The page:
While the Financial Times report indicates an increase in FDI inflows into Iran this year, the UN report paints a gloomier big picture in which global investment is expected to slow because of high political risks.
Indeed, despite the recent upward trend of FDI inflows to Iran, some say the amount of investment is still far away from the earlier forecasts in the government’s plans.
Claiming that less than 10% of the Rouhani administration’s investment goals have materialized in the first four months of the current Iranian year, Shaterzadeh said that “in terms of foreign investment in oil, energy, industry or even infrastructure projects, none of the investment targets will be fully achievable.”
Al-Monitor also spoke with Majid Tehrani, an organization development adviser in trade, transport and finance industries. Unlike other Iranian experts, who see obstacles to FDI as mainly rooted in technical or political issues, Tehrani believes that despite the potential the nuclear deal has created for attracting foreign investment, the view of foreign investment in the country’s political culture has not changed. He told Al-Monitor, “It is excessive to expect a radical change in the field [of foreign investment] as long as the concept is controversial for the top influential elites.”
Tehrani also stressed that “Iran has not made its strategic decision about FDI pragmatically. The elites have mixed the whole concept of foreign investment with ideological analysis such as economic liberalism and economic infiltration. Therefore, some elites support the idea of foreign investment while others are doubtful.”
This is while economists such as Emadi look at the challenge of attracting FDI as related to multiple barriers, such as the “significant presence of business entities owned by the security and intelligence forces, uneven treatment of tax payments and widespread corruption — including bribe-seeking by officials.”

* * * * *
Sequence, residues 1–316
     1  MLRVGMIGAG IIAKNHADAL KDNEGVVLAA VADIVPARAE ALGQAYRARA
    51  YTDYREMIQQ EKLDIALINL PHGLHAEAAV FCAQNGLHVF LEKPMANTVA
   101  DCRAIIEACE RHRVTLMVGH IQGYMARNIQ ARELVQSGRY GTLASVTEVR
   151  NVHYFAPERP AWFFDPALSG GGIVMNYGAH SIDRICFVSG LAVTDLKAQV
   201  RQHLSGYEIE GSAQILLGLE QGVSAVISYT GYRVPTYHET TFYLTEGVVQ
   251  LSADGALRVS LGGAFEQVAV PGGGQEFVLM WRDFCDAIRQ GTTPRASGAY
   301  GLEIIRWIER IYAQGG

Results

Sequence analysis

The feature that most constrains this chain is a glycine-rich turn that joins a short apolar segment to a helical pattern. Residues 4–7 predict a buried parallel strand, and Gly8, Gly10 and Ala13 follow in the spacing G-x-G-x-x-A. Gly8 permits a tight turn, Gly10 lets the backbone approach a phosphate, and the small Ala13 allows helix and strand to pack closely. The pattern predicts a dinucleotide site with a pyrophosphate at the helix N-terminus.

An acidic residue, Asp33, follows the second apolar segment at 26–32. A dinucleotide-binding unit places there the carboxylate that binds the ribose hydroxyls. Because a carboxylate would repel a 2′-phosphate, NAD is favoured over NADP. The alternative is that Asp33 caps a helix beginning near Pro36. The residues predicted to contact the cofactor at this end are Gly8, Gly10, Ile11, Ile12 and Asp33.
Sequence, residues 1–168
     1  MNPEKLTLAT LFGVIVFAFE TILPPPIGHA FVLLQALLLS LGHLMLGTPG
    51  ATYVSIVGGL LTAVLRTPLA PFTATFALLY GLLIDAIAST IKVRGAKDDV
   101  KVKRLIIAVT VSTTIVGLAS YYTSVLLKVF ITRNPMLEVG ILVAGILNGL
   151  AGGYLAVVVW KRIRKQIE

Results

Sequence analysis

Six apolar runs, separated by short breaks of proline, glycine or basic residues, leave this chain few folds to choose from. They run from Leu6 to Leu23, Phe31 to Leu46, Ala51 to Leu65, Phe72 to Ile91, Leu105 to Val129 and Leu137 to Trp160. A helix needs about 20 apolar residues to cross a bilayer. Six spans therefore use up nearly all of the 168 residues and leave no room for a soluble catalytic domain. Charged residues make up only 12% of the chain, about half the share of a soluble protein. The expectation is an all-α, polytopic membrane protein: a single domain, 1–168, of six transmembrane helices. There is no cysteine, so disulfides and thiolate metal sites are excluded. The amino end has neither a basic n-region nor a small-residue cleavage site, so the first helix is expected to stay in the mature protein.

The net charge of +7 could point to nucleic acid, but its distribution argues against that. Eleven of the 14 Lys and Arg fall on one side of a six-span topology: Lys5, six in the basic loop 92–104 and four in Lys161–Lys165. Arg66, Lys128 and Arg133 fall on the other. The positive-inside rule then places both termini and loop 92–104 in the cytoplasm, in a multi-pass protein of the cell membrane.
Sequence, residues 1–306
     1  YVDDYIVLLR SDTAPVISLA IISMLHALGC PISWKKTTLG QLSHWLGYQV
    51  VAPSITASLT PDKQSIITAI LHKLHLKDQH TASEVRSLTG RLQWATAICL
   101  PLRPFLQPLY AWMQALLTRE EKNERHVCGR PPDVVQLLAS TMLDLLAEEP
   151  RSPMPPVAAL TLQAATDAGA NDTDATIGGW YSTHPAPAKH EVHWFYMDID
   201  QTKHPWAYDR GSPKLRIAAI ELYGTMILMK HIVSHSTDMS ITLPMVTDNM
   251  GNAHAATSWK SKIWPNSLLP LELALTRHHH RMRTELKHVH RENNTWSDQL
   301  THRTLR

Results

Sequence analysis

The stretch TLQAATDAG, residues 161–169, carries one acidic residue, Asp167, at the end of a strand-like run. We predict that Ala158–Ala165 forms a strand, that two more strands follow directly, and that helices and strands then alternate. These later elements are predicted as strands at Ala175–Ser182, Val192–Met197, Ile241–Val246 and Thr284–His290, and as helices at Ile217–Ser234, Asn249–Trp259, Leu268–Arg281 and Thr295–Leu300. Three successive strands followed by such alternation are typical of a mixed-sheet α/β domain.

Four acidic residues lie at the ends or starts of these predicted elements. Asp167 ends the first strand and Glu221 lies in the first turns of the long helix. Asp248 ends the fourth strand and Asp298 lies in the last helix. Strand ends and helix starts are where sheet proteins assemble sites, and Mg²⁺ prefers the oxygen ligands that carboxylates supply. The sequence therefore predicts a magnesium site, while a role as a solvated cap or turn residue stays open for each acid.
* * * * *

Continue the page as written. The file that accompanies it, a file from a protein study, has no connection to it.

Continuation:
Meanwhile, there are officials such as Shaterzadeh, who previously served as ambassador to Brazil, who believe that the country’s lack of access to US dollars in the global banking system, uncertainties about the outlook of US sanctions and investors' lack of trust in terms of the stability of the rules and regulations in Iran are among other major factors hindering foreign investment.
“Another important obstacle is the continued use of traditional methods of attracting foreign investment instead of proposing modern methods such as PPP [Public-Private Partnership],” Shaterzadeh told Al-Monitor.
Iran’s FDI outlook
Despite all the criticism of Rouhani, his government has been able to attract a significant amount of foreign investment compared with previous years and is taking new measures to encourage further investment of $250 billion in 12 outlined sectors.
Nonetheless, the truth is that it will take some time before ordinary Iranians will actually be able to see the impact of these new projects on their daily lives. Still, a close look at the amount of investment needed to achieve the economic growth envisioned in the country’s sixth five-year development plan indicates that putting all bets in the basket of FDI is not a wise decision.
With presidential elections upcoming both in the United States and Iran, which are increasing political uncertainties in both countries, it is fair to say that the Rouhani administration faces a tough road ahead in coming months in its fight against corruption as well as its plans for reform of the banking system and providing necessary guarantees to win the trust of foreign investors.